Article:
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Jun 13 2017

Joys Of Boating

By Capt. Chad Stewart for The Island Connection

IC_Holy City Sailing

Let’s face it, docking in the Charleston area can create a lot of anxiety and has caused more than a few marital spats. Below are a few rules to make docking easier.

1. Test your transmission BEFORE approaching.

2. Have a plan.

3. Have a “bailout” maneuver.

4. Always approach from down current and operate into the current.

5. Never approach the dock any faster than you are willing to hit it. Five simple rules. Let’s dig into each one a little deeper.

Rule 1- No matter your propulsion system, it’s quick and easy to test for proper shifting before you put the boat in a spot that it MUST work. Take 30 seconds, stop and try reverse and then back to forward before you get inside a fairway and discover a problem. If you run boats long enough, one day you’ll thank me.

Rule 2- If you don’t have a suitable docking plan, one that’s not dangerous, one that doesn’t require super human tricks of your crew and one that you, the Captain, are comfortable with, DON’T dock your boat there. Wait on different weather, go to an easier dock or even practice your intended maneuver in open water. Once you have a suitable plan, explain it to your crew and make sure they understand what you want them to do. Backing into the current? Perhaps the simple instruction of, “please make fast the stern line first.” Have a dockhand helping you? They don’t always know what’s best and may be standing there holding a bow line when it’s the last line you actually need to attach. Here’s where your plan and the discussion with the crew comes into play. The crew should instruct the dockhand to ignore the bow line and request they hand up a spring or stern line first.

Rule 3- There are some docking situations that would cause you to put the boat in a position that you cannot recover from if you fail to maneuver properly. If you don’t have a suitable way to bail out and start over, you should seriously consider the risk you are putting your vessel and crew under, and the prudent Captain would certainly choose to dock elsewhere or wait on the weather to change. Discuss your bailout plan with your crew. We’ve all had a crew member grab a line only to be forced to dangerously toss it back because the Captain failed to recognize the need to bail out and start over.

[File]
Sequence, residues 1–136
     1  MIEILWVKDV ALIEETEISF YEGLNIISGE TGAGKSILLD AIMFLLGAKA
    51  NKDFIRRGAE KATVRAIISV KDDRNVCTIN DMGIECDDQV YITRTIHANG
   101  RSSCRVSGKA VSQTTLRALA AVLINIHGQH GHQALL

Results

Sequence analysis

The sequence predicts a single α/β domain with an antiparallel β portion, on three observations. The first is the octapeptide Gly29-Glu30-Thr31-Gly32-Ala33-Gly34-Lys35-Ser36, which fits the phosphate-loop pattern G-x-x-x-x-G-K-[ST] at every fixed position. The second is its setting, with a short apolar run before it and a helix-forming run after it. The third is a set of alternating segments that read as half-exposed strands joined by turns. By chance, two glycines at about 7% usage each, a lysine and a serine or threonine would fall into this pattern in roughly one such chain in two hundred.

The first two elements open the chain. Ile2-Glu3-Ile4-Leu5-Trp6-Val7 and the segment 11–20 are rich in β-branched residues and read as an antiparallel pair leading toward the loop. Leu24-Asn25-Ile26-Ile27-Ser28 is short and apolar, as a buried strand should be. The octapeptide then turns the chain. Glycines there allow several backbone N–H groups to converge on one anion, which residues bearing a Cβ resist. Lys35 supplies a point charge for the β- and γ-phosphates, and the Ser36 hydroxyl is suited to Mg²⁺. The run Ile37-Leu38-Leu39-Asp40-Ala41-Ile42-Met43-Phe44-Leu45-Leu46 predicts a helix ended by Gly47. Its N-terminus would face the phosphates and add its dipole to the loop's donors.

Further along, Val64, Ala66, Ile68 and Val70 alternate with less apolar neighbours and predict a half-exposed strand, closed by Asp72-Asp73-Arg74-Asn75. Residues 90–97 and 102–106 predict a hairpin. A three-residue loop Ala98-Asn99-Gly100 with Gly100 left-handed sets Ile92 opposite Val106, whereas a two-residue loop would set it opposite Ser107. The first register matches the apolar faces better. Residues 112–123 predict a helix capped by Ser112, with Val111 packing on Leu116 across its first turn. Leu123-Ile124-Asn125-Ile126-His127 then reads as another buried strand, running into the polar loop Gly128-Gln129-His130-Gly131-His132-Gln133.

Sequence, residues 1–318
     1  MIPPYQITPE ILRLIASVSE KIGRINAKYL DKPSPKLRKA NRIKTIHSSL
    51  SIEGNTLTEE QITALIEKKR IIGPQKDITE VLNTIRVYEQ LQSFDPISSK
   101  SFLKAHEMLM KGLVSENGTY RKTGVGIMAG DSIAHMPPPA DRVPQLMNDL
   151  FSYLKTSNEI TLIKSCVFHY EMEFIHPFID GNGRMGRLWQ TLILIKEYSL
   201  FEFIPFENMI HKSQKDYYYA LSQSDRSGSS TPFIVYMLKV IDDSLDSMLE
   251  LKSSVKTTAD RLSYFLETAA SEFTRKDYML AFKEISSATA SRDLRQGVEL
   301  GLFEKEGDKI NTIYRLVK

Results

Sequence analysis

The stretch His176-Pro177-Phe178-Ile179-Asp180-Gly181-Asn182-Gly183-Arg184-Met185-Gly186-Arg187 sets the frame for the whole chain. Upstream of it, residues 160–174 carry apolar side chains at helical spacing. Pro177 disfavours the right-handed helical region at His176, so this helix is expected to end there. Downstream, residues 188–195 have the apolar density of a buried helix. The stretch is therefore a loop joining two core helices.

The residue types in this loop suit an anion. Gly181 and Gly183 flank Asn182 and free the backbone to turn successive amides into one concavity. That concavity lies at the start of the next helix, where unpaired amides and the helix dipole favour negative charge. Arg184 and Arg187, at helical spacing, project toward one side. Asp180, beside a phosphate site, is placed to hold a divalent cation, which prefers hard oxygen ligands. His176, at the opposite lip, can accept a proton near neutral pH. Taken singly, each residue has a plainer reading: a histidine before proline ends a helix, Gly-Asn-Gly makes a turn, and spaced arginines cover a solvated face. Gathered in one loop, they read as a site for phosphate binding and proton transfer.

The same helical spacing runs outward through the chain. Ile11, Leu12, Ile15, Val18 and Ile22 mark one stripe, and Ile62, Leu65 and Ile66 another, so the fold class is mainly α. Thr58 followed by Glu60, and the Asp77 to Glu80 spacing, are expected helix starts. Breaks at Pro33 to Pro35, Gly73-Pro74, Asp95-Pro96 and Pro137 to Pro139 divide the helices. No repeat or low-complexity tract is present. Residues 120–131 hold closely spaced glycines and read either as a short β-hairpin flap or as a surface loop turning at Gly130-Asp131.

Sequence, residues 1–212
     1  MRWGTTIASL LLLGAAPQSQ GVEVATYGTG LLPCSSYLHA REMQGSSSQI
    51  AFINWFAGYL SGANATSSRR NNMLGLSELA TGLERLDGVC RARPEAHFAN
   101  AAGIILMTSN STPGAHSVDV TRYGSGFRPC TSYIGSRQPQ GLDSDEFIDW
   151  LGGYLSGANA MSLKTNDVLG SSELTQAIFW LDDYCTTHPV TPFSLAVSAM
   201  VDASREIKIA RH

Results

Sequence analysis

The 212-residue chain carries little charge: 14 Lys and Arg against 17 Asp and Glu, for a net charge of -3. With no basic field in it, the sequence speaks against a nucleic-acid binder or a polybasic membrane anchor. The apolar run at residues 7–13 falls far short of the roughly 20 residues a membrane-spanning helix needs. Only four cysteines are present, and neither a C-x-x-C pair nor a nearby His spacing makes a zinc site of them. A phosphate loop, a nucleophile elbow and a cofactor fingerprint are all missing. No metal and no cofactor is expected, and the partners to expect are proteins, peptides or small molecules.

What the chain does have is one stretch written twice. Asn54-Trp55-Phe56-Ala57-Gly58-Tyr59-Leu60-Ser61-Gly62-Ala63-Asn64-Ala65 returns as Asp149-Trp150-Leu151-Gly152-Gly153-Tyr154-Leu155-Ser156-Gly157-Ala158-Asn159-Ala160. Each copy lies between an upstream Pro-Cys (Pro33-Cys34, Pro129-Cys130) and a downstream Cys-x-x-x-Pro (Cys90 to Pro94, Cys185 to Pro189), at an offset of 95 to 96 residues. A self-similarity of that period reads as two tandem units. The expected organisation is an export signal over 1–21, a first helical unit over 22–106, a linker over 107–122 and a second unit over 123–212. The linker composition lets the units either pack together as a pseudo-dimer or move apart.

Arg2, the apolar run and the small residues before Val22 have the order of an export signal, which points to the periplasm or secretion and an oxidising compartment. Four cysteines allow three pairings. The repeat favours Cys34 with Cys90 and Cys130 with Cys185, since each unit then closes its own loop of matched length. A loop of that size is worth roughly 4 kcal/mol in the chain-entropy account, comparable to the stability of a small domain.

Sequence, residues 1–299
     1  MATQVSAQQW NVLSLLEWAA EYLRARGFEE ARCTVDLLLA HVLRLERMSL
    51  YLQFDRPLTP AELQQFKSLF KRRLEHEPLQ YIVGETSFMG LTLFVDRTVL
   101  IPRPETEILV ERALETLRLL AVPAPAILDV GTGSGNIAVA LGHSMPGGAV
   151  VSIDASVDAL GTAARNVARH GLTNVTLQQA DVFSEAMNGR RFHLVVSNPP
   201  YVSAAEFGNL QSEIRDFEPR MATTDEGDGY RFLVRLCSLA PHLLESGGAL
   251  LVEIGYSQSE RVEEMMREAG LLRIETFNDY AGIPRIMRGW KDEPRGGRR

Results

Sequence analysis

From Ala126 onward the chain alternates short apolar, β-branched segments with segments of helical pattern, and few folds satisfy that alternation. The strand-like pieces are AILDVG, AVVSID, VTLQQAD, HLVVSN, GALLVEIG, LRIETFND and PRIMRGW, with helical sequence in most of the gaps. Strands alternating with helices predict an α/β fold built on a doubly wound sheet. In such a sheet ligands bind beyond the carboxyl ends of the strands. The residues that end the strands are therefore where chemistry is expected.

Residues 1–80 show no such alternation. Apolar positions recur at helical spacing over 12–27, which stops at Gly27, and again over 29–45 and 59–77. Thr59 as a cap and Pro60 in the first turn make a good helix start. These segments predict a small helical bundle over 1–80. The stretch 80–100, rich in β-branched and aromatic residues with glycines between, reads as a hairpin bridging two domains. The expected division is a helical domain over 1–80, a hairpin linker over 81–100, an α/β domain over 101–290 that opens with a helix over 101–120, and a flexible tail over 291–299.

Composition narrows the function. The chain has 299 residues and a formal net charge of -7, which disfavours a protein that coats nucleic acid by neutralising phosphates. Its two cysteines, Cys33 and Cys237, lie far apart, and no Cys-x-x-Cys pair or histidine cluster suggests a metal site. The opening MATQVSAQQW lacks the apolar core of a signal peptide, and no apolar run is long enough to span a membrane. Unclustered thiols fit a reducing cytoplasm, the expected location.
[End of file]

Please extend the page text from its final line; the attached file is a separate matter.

It’s confusing to the crew and they may do something dangerous like trying to hop off when the Captain is attempting to get away from the dock. Have a bailout maneuver planned and discussed and use it early. There’s no harm in trying again.

Rule 4- The nuts and bolts. ALWAYS maneuver into the current. Set up to dock DOWN stream and motor into the current. Every boat on the planet has far greater control into the current in REVERSE.

That’s right, the easiest docking is in reverse, into the current. Depending on the size of the vessel, the slip arrangements, and how you intend to board, you’ll be deciding if you want to be stern or bow into the dock. If you are coming alongside a dock and you have a choice of which side to tie to, ALWAYS back into the current. The key to operating in strong current is making small course changes across the current. Keep the bow or the stern pointed into the current and make small changes to the angle and you can “crab” the boat across the current in either direction. Practice this. Know what it feels like when you are about to lose control and stay away from that point when docking.

Take your time and cross the current slowly with small steering inputs. The better you get, the faster you can do it.

Rule 5- A fistful of throttle is almost NEVER the right answer. It generally results in increasing the impact velocity of a collision that was already inevitable.

Docking with strong current is actually easier than no current at all. Your boat can actually go sideways under 100% control.

You can’t do that in still water. Take your time and learn to “crab” across the current. You’ll find that idle speed is generally sufficient in most situations.

Practice in open water using stationary objects like an anchored fender. Learn how to remain “on station” in the current by making small steering and throttle corrections. Once you have it down, you can literally sit perfectly still in swift water with only minor inputs. Happy docking!

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